The season of firsts is so humbling but also so excitingLearning a new language, where to shop, how to pay bills, how to eatMore than just gaining knowledge, you are brought to a point where you are pulled out of your comfort zone and made totally reliant and dependent on Christ. This is a vulnerable but wonderful place to be.

11. Communication in the local language is key 

Language learning can be difficult and frustrating but definitely worth investing in. Not only will you be more effective in discipling locals to be authentic Christians in their own context, but you will also feel more at home and settled.

12. What you eat and how you eat it matters 

Enjoying local food can help to build bridges (though this is not always possible, or can be very difficult such as super spicy foods, innards or alcohol). The same goes for the way you eat foods (such as using correct chopstick technique or eating curry with your hands). I’m always amused by how much praise my husband gets for holding his chopsticks correctly! 

13. Stopping to rest will keep you going 

Sabbath-keeping is vital for longevity. Going on holidays can seem like an indulgence when you’re on a missionary budget and when so many things seem urgent. Taking time to rest can seem like a waste of time, but it will save you from burnout and exhaustion.

14. Don’t give up on regular meetings 

It is essential to meet with others in your local context for mutual accountability and encouragement; inperson fellowship should always be a priority, a safe place where you stir each other up towards love and good deeds (Hebrews 10:24-25).

15. Prayer is the backbone of all we do 

This would require a whole other article

16. The spiritual harvest can be unpredictable 

Sometimes the most unexpected people accept Jesus with little input, while others who have been prayed for and have heard the gospel many times over many years remain unrepentant.

17. Single life and family life each have their pros and cons 

We each have our own gifts from God (1 Cor 7:7). Singles have a wonderful opportunity to get deep into language, culture and local relationships with locals. Families and couples might be less lonely but have significant time and energy constraints.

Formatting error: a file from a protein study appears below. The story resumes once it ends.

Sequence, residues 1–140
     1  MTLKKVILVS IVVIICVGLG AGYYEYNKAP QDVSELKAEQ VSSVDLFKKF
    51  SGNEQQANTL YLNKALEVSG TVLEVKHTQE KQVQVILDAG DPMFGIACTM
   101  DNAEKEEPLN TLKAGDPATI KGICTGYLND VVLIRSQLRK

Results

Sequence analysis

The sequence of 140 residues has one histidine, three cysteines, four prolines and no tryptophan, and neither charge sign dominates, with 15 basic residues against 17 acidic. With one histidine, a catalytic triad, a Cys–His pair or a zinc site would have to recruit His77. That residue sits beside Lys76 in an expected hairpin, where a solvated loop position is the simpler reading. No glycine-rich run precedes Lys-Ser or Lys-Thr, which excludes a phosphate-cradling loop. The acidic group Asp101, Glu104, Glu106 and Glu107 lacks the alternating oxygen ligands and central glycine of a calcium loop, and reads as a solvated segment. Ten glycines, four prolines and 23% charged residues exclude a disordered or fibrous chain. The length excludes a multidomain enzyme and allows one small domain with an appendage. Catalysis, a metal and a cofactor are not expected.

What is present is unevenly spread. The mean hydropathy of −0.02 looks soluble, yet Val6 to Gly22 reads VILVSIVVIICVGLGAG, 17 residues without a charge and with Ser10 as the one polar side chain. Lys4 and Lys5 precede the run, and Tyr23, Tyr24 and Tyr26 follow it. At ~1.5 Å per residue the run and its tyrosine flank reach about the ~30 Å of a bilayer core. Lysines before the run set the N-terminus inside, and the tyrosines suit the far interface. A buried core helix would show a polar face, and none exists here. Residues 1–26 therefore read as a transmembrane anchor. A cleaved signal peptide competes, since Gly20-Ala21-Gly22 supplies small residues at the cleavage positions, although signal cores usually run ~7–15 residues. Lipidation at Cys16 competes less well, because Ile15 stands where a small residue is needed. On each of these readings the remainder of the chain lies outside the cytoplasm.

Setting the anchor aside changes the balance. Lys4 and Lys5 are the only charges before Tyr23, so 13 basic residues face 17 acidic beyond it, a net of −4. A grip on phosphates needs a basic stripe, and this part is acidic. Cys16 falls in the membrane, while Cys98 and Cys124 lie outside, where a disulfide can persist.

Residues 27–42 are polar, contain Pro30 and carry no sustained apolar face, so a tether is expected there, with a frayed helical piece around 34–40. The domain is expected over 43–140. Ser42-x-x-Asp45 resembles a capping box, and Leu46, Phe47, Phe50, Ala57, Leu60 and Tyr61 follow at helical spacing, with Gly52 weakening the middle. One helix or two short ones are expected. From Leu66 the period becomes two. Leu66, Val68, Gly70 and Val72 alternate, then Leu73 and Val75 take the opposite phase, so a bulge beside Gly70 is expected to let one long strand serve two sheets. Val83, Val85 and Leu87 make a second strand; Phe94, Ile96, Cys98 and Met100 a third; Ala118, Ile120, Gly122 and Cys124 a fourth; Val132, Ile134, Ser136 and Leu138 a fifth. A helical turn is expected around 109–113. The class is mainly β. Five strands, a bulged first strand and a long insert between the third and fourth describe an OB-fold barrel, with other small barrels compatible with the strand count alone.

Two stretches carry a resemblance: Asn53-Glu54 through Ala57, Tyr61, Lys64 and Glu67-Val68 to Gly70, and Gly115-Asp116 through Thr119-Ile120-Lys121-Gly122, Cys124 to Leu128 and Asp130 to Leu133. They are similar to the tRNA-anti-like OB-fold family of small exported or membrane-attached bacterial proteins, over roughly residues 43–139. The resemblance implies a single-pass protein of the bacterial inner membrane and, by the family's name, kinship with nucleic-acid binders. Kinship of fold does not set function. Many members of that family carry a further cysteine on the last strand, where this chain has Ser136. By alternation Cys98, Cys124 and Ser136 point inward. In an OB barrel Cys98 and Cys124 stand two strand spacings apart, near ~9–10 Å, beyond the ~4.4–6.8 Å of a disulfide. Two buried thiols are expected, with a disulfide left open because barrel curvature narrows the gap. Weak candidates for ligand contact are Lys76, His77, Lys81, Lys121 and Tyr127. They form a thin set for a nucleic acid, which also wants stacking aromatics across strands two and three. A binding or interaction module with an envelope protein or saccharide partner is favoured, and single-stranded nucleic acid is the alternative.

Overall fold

18. Living an authentic faith-filled life can be the strongest witness 

The people you live amongst are watching everything you do: the way you live, how you decorate your home, how you interact with your spouse and your children, the care you show for your parents and family back home, how you prioritize your timeAs you live your life, people will see the difference that the gospel has made.

19. Character is more important than giftedness 

Some new workers might come with glowing resumes and lots of experience but lack the maturity and character to last. 

20. Be prepared to leave (see #1!) 

Sometimes it is harder to be called to leave than it is to be called to stay. Not long after I arrived, I met a family who were leaving to care for their elderly parents. I’ll never forget when they said that whether they were called to stay or go, they felt challenged to always respond to the Lord in obedience. This was great advice to hear on arrival.  

The Lord isn’t just after our sacrifices, but He is after our heart of obedience (1 Sam 15:22). It is ultimately a matter of faith, trusting that as the Lord calls, sends, leads and guides, He is sovereign and holds all things in His hands.   


Music and social media ministry in East Asia 

 *Name changed for security purposes